Interactional Modifications in Internet Chatting
Chapter 18
Sedat Akayoglu, Arif Altun
This chapter aims at describing the patterns of negotiation of meaning functions in text-based synchronous computer-mediated communication by using... Sample PDF
The Functions of Negotiation of Meaning in Text-Based CMC
Chapter 19
Esrom Adriano Irala, Patrica Lupion Torres
This chapter belongs to the context of the computer-mediated communication (CMC) for language teaching and learning. Since the introduction of this... Sample PDF
The Use of the CMC Tool AMANDA in the Teaching of English
Chapter 20
Christine Rosalia, Lorena Llosa
This chapter reports on an instrument that was developed to formatively assess the quality of feedback that second language students give to one... Sample PDF
Assessing the Quality of Online Peer Feedback in L2 Writing
Chapter 21
Betty Rose Facer, M’hammed Abdous, Margaret M. Camarena
As part of an initiative to enhance the humanities’ use of emerging technologies, the Department of Foreign Languages and Literatures at Old... Sample PDF
The Impact of Academic Podcasting on Students' Learning Outcomes
Chapter 22
Mahieddine Djoudi
The use of the mobile devices in language learning has been developed at a very high speed in the last years. Thus, we are witnessing many research... Sample PDF
Listening Comprehension of Languages with Mobile Devices
Chapter 23
Huw Jarvis
This chapter reports on a quantitative study that examines how language students make use of an extensive range of computer-based materials (CBMs)... Sample PDF
Computers and Independent Study: Student Perspectives
Chapter 24
Renata Chylinski, Ria Hanewald
This chapter reports on a study undertaken on the impact of pedagogical and technological innovations in language teaching and language learning... Sample PDF
Creating Supportive Environments for CALL Teacher Autonomy
Chapter 25
Mar Gutiérrez-Colon Plana
Many language teachers, students, and institutions of virtual learning environments are well acquainted with the feelings of loneliness and... Sample PDF
Frustration in Virtual Learning Environments
Chapter 26
Sarah Guth, Corrado Petrucco
This chapter describes how the social software tools that characterize Web 2.0, such as wikis and blogs, can be used as a valid substitute for more... Sample PDF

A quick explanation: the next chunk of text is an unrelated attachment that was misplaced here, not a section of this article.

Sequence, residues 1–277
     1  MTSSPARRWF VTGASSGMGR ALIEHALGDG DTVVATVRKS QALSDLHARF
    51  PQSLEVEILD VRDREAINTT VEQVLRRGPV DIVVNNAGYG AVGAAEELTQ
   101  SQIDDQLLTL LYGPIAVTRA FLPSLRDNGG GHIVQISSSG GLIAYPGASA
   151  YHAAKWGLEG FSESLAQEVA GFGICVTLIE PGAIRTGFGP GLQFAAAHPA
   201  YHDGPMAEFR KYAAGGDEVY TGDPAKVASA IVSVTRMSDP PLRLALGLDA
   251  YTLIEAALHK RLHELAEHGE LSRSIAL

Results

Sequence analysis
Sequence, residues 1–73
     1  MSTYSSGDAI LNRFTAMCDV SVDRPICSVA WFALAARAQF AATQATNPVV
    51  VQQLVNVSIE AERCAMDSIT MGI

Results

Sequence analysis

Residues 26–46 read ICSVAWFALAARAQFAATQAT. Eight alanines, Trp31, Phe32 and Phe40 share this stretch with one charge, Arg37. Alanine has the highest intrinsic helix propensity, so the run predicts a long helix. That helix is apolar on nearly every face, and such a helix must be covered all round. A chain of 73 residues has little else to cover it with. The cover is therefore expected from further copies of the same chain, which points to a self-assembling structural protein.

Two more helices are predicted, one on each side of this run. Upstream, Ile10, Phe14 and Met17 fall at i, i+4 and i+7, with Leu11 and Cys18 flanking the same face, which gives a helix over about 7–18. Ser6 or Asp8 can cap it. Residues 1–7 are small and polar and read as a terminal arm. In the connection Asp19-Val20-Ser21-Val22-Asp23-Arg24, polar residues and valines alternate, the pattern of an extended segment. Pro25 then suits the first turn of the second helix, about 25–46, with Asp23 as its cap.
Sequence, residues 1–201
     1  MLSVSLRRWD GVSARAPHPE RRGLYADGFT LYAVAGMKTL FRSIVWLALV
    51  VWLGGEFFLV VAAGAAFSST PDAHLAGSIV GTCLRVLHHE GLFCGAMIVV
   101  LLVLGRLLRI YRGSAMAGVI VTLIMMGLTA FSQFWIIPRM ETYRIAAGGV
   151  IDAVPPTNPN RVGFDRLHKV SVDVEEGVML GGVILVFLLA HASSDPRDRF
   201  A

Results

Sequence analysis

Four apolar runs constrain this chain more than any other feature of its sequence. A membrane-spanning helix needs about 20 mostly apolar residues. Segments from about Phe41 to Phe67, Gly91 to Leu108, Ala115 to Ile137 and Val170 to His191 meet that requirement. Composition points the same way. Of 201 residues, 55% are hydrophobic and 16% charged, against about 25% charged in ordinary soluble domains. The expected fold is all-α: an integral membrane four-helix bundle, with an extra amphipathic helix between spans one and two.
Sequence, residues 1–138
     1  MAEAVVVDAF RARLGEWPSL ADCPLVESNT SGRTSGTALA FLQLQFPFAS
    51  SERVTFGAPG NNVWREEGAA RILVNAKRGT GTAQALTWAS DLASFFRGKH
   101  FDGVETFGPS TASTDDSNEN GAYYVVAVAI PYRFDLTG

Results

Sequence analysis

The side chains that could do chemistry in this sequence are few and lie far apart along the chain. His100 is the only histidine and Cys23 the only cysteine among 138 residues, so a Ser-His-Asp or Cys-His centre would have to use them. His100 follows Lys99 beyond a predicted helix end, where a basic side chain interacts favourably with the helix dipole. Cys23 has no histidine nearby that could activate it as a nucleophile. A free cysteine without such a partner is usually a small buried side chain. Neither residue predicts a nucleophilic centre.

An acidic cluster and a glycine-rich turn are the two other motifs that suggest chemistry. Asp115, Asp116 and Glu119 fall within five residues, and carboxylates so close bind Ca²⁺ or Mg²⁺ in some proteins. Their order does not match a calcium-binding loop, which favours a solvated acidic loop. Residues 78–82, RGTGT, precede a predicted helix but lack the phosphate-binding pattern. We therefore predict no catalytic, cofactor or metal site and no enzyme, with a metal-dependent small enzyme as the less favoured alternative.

Social Software and Language Acquisition
Chapter 27
Bryan Carter, Dayton Elseth
Within academia, distance learning as an approach to education has its share of skeptics. Regardless of how some feel about the methodology, it has... Sample PDF
The Usefulness of Second Life for Language Learning
Chapter 28
Irene Mamakou
Interest in the integration of language learning with knowledge/content construction is growing around the world. In this line, an instructional... Sample PDF
Project-Based Instruction for ESP in Higher Education
Chapter 29
Ma Camino Bueno Alastuey
The adaptation to the European Space of Higher Education and to the new demands of the labor market has produced a shift in university education... Sample PDF
WebCT Design and Users' Perceptions in English for Agriculture
Chapter 30
Heli Simon, Päivö Laine, Ann Seppänen, Ana Barata, Carlos Vaz de Carvalho
This chapter presents the tutoring methodology adopted in an e-learning language course for students in vocational training and higher education as... Sample PDF
The LAFEC Experience for Language Skills Acquisition
Chapter 31
Christian Swertz, Rosa Schultz, Katharina Toifl
This chapter reports the concept development and evaluation results from the project LANCELOT (LANguage learning with CErtified Live Online... Sample PDF
Language Teaching in Live Online Environments
Chapter 32
Astrid Gesche
This chapter provides a basis for thinking about the dynamics and boundaries of foreign language learning in virtual learning communities of the... Sample PDF
Adapting to Virtual Third-Space Language Learning Futures
Chapter 33
Chaka Chaka
This chapter explores aspects of portable handheld language learning that are likely to benefit many mobile assisted language learning (MALL)... Sample PDF
Portable Handheld Language Learning from CALL MALL to PALL
About the Contributors